California Governor Gavin Newsom has signed the “Pay to Play” bill into law. The law will allow athlete college students in the state to receive the sponsorship funds beginning in 2023. The ruling could impact college sports across the US states soon.
California senator Nancy Skinner introduced the Senate Bill 206 and received support from political spectra. Universities in California will stop punishing students who accept to be compensated in identity use. At the moment, NCAA prohibits student-athletes from earning in any way from their participation in sports.
Governor Newsom stated: “This is the beginning of a national movement-one that transcends geographic and partisan lines. Collegiate students’ athlete put everything on the line-their physical health, future career prospects, and years of their lives to compete.”
He added that: “Colleges reap billions from these student-athletes’ sacrifices and success. But, in the same breath, block them from earning a single dollar. That’s a bankrupt model – one that puts institutions ahead of the students they are supposed to serve. It needs to be disrupted.”
The NCAA tried to convince California lawmakers to oppose the legislation but no even a single lawmaker attempted to block the bill. NCAA guiding priorities in its websites are: academics, well-being and fairness for all student-athletes. The central pillar is ensuring the integrity of the competitions that it oversees.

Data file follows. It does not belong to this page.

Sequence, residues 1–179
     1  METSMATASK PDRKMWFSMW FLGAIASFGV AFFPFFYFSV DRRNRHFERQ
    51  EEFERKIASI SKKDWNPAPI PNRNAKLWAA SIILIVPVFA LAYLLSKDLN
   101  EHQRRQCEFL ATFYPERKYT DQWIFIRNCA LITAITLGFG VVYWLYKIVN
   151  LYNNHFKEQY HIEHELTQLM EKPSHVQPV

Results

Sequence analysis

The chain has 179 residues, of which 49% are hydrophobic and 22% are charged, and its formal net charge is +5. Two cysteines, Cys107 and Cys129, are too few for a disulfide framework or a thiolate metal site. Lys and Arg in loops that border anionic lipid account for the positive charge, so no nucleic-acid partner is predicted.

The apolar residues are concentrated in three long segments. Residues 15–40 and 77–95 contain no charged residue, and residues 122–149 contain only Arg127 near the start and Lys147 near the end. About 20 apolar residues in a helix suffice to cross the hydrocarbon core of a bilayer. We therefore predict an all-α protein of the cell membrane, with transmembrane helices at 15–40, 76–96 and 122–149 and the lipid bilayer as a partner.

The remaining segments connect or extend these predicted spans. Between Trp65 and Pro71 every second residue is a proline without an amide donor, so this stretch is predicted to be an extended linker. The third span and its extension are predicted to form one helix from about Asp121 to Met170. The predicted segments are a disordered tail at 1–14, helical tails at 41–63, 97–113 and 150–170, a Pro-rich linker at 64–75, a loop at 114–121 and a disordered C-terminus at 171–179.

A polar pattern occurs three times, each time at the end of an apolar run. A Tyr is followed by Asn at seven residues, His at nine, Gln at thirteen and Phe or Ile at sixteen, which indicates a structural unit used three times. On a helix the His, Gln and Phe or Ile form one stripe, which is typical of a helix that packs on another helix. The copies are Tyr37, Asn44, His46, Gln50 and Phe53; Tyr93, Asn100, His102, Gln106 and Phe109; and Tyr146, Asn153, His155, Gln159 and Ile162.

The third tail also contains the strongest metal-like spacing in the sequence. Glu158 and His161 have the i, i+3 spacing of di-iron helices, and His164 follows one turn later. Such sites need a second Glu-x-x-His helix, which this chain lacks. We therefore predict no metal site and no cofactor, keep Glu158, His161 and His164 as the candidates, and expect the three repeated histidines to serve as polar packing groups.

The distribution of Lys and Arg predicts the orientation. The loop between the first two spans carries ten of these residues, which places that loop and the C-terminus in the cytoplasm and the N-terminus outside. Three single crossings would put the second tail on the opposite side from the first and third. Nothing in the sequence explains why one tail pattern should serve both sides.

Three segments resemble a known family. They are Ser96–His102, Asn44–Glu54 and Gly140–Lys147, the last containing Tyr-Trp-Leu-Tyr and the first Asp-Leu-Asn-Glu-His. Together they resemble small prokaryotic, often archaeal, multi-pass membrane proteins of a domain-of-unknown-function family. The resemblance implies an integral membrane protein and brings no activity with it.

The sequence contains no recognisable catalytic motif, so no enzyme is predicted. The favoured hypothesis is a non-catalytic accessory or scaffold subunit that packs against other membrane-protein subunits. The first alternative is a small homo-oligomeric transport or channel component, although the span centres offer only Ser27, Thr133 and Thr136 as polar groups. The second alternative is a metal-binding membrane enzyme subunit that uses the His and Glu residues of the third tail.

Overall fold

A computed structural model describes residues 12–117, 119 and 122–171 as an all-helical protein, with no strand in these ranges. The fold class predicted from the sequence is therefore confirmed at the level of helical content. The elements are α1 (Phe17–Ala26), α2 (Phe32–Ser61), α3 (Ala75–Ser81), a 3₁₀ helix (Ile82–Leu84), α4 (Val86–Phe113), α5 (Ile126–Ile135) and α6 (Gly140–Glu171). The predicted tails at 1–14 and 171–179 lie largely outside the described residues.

The NCAA fought against the NJ federal court that challenged the federal ban of sport banning. However, the Supreme Court agreed with the State to repeal the ban. NCAA doesn’t support any form of gambling; they believe that wagering can undermine the integrity of college competitions.
Critics of NCAA believes the association is rooted in hypocrisy given that it’s against both the paying of athletes and sports betting. Athletes’ students who come from low-income family continues to struggle financially while the NCAA plunder the profit from their performance.
Casino.org reported that LeBron James is supporting “Pay to play”. He said that one reason why he skipped college is because of the critical situation of her mother, he needs to play and earn. He couldn’t have done so in college under the current regulations.
Sports Illustrated wrote last week that Michael McCann, the director of Sports and Entertainment at Law Institute of New Hampshire believes that other States will soon follow California exemplary, but NCAA doesn’t think so.